Office hours from 9 A. M. to 3½ P. M. E. C. Riggs. Delhi, December 11, 1856.
The fourth advertisement ran from December 17, 1856 to February 25, 1857. Gifts for the Holidays. If you want to present a lasting memento to a friend call at the Gallery of E. C. Riggs and get a True Likeness.
There is a real value in such gifts, which is more appreciated by all, and now is the time to procure them.
The third announcement appeared on December 24, 1856. Pictures on Glass. The subscriber invites the attention of the public to his advertisement in another column, and his assertions therein contained, are in every respect true and correct. But it not his intention to publish here, but to correct misrepresentations which I see in an advertisement signed E. C. Riggs, in which he states as follows: “As to my Ambrotypes fading, it is false, and I defy the gentleman to produce one that has faded in the least.” If I am the man to whom he eludes as the “up town philosopher,” and the man who took so much pains to injure him, then I say the gentleman has stated a wicked falsehood, and he could no be ignorant of it I never said a word about his Ambrotypes fading, for there is not one to be found, probably, that is more than three or four months old. And how does he know whether he asserts the truth or not?
I did say they were of short duration, and this I am able to maintain.
He further says: “I warrant my work and am willing it shall stand upon its own merits.” With what degree of propriety does he warrant his work, and what assurance can he give the public of its duration? Will the few months he has been in business be a sufficient time to test their durability! Let the public judge.—Yet he is willing to warrant his work, but is careful not to say how long; he is then willing it shall stand upon its own merits. So am I, but it will not upon its own merit or any other.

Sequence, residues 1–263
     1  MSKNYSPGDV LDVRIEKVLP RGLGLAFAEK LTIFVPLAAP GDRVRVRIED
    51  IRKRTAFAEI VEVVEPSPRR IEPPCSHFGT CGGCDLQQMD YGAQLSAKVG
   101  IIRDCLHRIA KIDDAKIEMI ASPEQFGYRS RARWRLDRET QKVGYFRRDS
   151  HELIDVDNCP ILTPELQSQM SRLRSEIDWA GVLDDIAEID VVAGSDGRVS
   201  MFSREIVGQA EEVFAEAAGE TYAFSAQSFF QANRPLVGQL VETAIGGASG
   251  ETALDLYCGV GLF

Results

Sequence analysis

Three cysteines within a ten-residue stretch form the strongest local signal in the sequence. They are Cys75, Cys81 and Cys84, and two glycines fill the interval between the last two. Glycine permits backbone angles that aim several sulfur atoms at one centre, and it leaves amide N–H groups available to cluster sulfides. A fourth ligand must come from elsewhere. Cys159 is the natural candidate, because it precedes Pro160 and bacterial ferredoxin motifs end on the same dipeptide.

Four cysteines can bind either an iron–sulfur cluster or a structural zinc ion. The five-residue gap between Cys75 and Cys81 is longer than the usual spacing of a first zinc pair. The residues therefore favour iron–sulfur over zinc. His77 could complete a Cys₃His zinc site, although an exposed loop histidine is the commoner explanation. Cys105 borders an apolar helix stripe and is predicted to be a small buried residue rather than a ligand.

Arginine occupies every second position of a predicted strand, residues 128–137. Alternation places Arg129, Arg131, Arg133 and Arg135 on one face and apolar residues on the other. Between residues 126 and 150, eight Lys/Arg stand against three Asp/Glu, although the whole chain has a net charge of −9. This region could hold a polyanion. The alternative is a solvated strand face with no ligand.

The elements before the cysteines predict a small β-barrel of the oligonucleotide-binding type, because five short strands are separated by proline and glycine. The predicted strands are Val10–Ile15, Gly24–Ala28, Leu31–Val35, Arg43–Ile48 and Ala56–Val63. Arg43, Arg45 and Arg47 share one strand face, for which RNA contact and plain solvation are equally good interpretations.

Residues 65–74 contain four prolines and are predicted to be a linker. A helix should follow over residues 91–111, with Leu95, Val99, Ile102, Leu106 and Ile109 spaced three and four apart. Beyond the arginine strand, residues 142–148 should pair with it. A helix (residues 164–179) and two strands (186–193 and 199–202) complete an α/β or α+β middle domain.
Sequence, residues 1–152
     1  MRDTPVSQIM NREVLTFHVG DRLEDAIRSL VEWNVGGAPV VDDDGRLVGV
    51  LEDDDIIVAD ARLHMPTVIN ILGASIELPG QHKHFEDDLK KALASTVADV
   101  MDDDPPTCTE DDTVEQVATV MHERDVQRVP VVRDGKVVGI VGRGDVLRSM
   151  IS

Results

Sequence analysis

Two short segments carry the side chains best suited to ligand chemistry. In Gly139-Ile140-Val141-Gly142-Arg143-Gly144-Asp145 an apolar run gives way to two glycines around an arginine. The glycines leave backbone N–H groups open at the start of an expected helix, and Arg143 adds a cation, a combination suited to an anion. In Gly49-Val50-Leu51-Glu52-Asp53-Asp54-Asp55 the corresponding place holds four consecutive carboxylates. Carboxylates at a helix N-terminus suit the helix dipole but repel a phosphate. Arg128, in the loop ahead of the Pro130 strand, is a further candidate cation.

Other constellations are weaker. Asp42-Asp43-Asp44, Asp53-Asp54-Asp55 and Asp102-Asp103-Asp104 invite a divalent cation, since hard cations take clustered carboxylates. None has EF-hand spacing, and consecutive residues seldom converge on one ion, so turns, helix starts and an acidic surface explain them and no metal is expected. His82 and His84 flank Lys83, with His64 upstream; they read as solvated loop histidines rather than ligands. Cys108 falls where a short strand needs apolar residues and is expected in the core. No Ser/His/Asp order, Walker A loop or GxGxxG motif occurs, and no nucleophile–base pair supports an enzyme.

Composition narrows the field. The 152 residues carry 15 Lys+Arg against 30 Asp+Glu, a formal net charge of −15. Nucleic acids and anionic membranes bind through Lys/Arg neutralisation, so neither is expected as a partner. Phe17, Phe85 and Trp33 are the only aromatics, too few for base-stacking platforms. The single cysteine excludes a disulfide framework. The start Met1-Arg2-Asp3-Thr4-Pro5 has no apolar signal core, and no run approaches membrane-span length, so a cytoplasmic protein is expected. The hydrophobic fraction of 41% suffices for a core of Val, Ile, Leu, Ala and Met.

If the Patented Ambrotype was of such durability, why did Brady and others of New York give them up? Because they were worthless, and his information is from one of the best men in this town, taken from his own lips.
I now come to the last italicized sentence. “A poor picture is dear at any price.” This is my sentiments exactly; and those who have been so unfortunate as to get one of your Patented Ambrotypes, will probably find out in short time the truth of this assertion to their sorrow.
Gentlemen and ladies, call at my office and get you a fifty cent picture, and I will make it as durable as the rock of Gibraltar.
Yes, when your flesh in dust shall lie, When death’s grey film o’er spread your beaming eye, My life pause mocking at decay, Will still be fresh and vivid as to-day.
A Splendid Stock just received. J. Churchill. Delhi, Dec. 23, 1856.
The fifth advertisement appeared on November 25, 1857. T. J. Riggs, Musician and Teacher, Delhi, N. Y. Instruction given on the Violin, Piano and melodeon. Music furnished for Exhibition, Anniversaries, Festivals, Social Parties, &c.
Pianos and Melodeons tuned to order.
Orders left at E. C. Riggs’ Ambrotype Rooms, over Elwood’s Store, will received prompt attention.
The fourth announcement appeared on December 24, 1858, Vol. XL, No. 3, P. 4.
List Of Premiums Awarded By The Delaware County Agricultural Society, At The Fair Held At Franklin, September 22d and 23d, 1858….No. 3—Discretionary…
Best Ambrotypes, N. Taylor, Franklin, $2.00 2d do E. C. Riggs, Delhi, $1.00
E. C. Riggs is not recorded in other photographic directories.